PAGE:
Finite Element Modeling of Electromagnetic Scattering for Microwave Breast Cancer Detection

Microwave tomography is an imaging modality which uses the contrast between the tissues. The high contrast between breast normal tissue and the malignant tissue makes the microwave imaging a proper option for breast cancer detection. In a typical microwave imaging problem, the breast is illuminated by the microwave antennas surrounding it. Forward model solves the underlying Helmholtz equation to achieve the electromagnetic fields at the location of receiving antennas. The predicted fields may be used in an iterative inversion algorithm to reconstruct the tumor and the other unknown boundaries.
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Time Matters — How Power Meters Measure Fast Signals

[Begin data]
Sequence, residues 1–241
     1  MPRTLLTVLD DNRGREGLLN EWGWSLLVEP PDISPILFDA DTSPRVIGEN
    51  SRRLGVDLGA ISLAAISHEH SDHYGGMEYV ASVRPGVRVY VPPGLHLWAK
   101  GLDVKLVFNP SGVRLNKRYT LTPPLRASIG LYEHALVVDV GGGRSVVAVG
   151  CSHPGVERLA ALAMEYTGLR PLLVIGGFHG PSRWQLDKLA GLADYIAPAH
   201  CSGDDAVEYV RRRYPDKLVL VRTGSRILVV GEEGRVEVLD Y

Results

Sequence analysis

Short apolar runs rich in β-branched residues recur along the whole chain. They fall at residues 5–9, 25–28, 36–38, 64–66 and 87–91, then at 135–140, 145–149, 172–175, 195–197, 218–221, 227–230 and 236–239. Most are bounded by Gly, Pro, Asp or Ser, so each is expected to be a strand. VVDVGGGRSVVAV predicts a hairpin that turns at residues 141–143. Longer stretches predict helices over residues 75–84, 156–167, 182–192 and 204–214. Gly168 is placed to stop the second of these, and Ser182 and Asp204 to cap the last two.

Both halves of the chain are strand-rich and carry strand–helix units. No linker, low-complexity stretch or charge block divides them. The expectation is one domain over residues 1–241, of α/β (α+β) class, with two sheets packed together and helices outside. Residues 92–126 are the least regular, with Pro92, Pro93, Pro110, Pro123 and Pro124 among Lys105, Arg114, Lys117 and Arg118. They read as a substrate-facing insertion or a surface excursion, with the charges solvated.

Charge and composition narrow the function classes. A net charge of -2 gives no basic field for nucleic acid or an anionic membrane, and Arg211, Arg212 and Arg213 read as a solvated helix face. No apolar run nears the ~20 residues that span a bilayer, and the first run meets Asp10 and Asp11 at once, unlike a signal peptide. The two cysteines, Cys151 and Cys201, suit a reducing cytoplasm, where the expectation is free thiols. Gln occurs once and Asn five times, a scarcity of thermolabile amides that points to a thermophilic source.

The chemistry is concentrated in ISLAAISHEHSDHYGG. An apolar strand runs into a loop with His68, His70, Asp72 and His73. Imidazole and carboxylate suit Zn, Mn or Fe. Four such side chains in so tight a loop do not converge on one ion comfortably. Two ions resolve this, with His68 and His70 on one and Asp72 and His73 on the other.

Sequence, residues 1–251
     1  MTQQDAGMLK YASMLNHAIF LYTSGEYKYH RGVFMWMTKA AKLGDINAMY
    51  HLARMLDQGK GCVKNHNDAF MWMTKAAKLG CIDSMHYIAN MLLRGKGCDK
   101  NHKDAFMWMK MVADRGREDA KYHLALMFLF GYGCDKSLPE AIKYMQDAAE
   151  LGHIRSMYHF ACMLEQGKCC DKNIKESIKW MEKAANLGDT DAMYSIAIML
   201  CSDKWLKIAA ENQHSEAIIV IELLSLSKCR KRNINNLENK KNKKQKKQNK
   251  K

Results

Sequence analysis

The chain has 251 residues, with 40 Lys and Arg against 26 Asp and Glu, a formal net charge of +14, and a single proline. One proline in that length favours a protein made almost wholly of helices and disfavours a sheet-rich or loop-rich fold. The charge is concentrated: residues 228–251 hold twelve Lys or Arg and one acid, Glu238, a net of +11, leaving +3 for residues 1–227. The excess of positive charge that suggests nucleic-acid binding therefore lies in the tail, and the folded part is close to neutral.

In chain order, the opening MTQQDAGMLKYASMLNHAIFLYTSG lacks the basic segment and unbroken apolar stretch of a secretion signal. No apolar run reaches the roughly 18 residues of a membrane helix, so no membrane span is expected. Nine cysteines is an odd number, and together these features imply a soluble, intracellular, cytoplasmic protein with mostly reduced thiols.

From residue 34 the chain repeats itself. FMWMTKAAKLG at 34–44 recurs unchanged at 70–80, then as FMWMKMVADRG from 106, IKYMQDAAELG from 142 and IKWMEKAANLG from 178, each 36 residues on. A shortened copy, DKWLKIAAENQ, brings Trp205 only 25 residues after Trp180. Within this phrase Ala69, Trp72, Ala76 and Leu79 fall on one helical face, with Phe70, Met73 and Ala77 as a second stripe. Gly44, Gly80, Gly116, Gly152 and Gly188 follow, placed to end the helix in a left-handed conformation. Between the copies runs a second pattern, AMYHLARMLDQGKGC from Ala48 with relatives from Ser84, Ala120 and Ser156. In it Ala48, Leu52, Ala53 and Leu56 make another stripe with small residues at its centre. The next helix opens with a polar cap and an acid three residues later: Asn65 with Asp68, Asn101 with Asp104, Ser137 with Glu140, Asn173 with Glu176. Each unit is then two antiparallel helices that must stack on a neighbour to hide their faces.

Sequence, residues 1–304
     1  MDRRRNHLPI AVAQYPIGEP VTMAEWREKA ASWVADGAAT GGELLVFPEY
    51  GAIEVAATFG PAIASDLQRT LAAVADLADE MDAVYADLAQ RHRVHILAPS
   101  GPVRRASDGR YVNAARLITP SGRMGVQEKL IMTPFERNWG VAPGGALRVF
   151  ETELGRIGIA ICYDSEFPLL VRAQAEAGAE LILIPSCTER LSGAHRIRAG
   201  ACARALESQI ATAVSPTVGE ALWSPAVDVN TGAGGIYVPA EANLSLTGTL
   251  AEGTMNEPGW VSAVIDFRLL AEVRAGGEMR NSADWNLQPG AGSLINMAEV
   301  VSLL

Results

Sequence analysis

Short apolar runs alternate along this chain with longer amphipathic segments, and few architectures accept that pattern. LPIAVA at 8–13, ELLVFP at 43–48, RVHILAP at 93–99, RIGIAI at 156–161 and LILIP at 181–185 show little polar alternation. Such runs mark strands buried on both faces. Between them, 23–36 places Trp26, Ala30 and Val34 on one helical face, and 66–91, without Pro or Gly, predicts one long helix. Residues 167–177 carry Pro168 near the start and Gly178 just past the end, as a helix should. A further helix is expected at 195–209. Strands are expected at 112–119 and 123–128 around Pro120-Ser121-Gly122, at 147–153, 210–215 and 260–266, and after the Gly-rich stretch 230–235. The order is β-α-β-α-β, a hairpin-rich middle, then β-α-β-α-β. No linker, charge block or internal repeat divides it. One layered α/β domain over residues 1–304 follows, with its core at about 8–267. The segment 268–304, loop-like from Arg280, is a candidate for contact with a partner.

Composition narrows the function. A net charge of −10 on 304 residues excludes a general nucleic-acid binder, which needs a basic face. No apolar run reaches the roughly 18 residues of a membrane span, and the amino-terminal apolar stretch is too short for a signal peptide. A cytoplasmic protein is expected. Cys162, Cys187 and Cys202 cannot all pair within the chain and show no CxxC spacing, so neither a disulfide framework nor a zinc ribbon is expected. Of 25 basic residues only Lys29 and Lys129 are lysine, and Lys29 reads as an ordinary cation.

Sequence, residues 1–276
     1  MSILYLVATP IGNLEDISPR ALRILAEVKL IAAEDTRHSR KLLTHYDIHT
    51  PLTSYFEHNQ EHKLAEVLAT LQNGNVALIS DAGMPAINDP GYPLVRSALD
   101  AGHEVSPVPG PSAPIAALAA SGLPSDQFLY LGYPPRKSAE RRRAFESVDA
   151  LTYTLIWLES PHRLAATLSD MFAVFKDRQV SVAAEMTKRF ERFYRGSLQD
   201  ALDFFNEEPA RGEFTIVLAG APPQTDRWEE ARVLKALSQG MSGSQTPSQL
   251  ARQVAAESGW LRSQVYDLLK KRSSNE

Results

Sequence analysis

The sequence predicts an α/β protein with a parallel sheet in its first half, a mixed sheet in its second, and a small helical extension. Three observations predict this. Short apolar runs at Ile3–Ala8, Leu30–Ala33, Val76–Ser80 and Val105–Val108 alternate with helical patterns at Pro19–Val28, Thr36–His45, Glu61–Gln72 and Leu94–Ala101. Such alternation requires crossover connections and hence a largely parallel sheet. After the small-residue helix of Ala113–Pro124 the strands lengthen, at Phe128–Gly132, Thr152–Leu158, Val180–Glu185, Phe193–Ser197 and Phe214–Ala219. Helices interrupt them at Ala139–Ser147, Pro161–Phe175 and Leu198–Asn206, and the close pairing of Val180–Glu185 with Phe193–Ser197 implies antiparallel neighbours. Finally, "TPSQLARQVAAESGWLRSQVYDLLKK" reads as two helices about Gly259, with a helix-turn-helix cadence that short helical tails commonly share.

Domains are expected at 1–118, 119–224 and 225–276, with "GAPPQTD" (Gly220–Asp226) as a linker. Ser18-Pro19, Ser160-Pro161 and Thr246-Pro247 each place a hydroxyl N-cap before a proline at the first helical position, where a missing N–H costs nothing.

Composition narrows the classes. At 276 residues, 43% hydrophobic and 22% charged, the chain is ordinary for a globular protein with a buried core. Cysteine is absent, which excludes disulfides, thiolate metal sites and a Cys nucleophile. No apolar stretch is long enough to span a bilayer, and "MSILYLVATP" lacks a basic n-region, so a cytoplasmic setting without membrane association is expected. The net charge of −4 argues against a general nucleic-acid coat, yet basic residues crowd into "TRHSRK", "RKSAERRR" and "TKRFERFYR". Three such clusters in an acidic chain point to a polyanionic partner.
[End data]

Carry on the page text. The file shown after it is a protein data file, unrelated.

Modern peak power meters can measure virtually all types of pulsed or repeating signals. To achieve this, these instruments are equipped with sophisticated trigger capabilities. Prerequisite to any fast measurement is the synchronization of the instrument’s measurement cycle to the actual event. Simply put, the input signal of interest has first to be “found.” Specific trigger settings prepare the instrument for this synchronization and, once the desired event occurs, provide stable signal representations, allowing detailed signal analysis and accurate measurements. To be able to “look ahead,” digital instruments often use special techniques such as circular acquisition buffers to facilitate display and measurement of pre-trigger events. Most RF peak power meters provide internal and external trigger capabilities. Internal triggering utilizes the envelope of the actual incoming RF signal, while external triggering utilizes a baseband trigger signal that is in some way synchronized with the RF input signal.
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